JPMorgan Warns S&P Faces Large “Negative Gamma”, Could Exaggerate Any Drop Next Week


Earlier in the week we noted the ‘odd’ surge in downside protection demand even as tech stocks were soaring, and now JPMorgan is noting the S&P has shifted to a large ‘negative gamma’ underhang which “could boost volatility if we were to sell off.”

As Bloomberg notes, options markets suggest a lack of confidence in the rally. Traders are piling into downside hedges on every uptick in prices…

And JPMorgan derivatives desk writes:

Equity realized volatility increased moderately since June expiry (e.g. 15-day S&P 500 volatility increased from 4.5% to 9%), in line with our view, as much of the long gamma overhang heading into June rolled off.


The market has been oscillating around the level where the P-C gamma imbalance is flat (Figure 2) over the past few weeks.



Next Friday ~$550Bn of S&P 500 options are set to expire.




We note sizeable outstanding call positions on the 2450-2480 strikes which could lead dealer hedging to dampen market volatility next week should the market trade near/in this range


…and large put positions on the 2370-2400 strikes that could boost volatility if we were to sell off.


As a reminder, JPMorgan colleague Marko Kolanovic’s recent volatility conclusion suggests this won’t end well:

“we think current low levels of volatility is not a new normal and will not last very long given the amount of leverage, rising rates, and the approaching reduction of central bank balance sheets.”

Hopefully that settles that.

But if indeed passive investors and systematic, quant strategies “never sell”, and rarely react to underlying shock factors, will the market just grind on forever? The answer to that emerges from Kolanovic’ explanation of the May 17 selling, and why there was no follow through:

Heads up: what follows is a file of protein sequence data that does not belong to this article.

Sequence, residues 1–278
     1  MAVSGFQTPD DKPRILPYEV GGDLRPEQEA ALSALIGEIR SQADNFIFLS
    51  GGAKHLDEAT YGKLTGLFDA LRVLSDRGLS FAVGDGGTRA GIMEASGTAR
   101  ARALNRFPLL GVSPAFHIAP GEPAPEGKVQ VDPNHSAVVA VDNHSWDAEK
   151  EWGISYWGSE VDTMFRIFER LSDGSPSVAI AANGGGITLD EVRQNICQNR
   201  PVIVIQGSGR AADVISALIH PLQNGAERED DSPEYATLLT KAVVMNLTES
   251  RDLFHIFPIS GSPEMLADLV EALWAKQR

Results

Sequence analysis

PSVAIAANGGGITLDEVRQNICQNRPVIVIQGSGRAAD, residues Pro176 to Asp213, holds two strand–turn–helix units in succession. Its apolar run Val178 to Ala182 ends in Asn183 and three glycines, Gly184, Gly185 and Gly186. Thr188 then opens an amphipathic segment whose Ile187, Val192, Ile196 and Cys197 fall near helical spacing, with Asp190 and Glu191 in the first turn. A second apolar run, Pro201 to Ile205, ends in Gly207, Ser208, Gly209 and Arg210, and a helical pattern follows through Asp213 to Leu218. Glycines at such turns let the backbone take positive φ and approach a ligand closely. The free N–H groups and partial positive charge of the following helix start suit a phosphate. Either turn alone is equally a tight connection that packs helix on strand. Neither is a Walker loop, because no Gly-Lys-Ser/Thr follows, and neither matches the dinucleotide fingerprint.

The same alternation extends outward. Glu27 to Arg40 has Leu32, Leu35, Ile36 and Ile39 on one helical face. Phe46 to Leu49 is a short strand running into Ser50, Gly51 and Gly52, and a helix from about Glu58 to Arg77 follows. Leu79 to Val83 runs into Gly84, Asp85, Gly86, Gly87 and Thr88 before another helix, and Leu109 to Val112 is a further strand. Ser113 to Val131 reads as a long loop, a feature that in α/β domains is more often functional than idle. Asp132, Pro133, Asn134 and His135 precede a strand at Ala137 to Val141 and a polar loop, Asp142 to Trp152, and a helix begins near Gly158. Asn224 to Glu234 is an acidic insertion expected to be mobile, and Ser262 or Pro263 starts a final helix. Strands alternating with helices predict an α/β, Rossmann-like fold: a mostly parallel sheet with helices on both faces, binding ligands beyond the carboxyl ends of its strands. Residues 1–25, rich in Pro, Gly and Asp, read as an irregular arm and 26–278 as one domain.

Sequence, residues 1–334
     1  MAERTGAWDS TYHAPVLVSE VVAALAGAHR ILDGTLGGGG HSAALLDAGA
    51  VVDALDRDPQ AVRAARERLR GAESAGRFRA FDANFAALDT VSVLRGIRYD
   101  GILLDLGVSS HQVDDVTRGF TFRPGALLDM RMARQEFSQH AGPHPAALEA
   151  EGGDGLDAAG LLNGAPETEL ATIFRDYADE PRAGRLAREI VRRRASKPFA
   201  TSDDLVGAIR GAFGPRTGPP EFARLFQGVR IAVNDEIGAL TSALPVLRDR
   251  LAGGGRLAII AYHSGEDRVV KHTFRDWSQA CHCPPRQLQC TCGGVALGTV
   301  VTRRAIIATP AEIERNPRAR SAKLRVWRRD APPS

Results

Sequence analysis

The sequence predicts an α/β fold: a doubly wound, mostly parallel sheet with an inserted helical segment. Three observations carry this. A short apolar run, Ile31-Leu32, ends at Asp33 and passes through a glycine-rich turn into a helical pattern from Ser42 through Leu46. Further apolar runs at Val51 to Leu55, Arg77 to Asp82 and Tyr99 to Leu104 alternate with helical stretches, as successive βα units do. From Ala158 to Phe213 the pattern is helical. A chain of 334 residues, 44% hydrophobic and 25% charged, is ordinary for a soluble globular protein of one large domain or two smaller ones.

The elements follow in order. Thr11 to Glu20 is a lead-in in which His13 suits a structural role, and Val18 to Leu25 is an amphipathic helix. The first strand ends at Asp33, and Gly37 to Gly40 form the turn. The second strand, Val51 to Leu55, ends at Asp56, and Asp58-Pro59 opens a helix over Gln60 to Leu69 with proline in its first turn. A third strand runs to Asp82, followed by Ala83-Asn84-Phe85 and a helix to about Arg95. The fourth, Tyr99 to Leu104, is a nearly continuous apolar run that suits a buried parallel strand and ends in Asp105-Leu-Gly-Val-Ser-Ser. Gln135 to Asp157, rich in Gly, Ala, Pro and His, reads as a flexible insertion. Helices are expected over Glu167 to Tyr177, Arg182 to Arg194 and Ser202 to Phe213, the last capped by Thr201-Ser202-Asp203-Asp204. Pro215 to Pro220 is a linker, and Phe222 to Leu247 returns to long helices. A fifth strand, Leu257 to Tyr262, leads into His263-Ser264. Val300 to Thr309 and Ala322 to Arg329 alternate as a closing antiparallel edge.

As macro quantitative investors (including dynamical hedging programs) are a potential driver for a selloff, it is important to understand what is driving them. Relevant signals are price momentum for trend followers, bond-equity correlation for volatility targeting and parity strategies, and intraday market volatility for a broad range of hedging and dynamic risk management strategies. Our readers will notice that we did not call for the May 17th event to trigger a broader selloff. The reason that none of the triggers for systematic selling were breached. Momentum stayed solidly positive, and the rally in bonds almost entirely offset equity selloff for investors that run high bond allocations. Additionally many volatility targeting strategies have already reached leverage caps at higher levels of volatility (than what was achieved on May 17th).


Option positioning going into May 17th was also benign. Our estimates of market making positions at the start of the day were heavily long gamma (~$35bn C-P) – initially buying into the market weakness. After ~120bps decline, these positions turned short mid-day and drove the market by additional 60bps lower into the close. As it happens most of the time, this 60bp move reverted the following day (Figure 3).


So contrary to the assumption that the market will always rebound in a BTD kneejerk response, days like May 17th and similar events “bring substantial risk for short volatility strategies.”

Finally, here is his conclusion on why the current market tranquility is masking what may be a “catastrophic”, self-reinforcing “market” crash as all those vol strats suddenly go into reverse:

Given the low starting point of the VIX, these strategies are at risk of catastrophic losses. For some strategies, this would happen if the VIX increases from ~10 to only ~20 (not far from the historical average level for VIX). While historically such an increase never happened, we think that this time may be different and sudden increases of that magnitude are possible. One scenario would be of e.g. VIX increasing from ~10 to ~15, followed by a collapse in liquidity given the market’s knowledge that certain structures need to cover short positions.

Well, there’s Kolanovic, and then there are retail investors like 40-year-old Jason Miller who has made $53,000 since the start of the year by shorting the VIX. We wonder who will be correct in the end.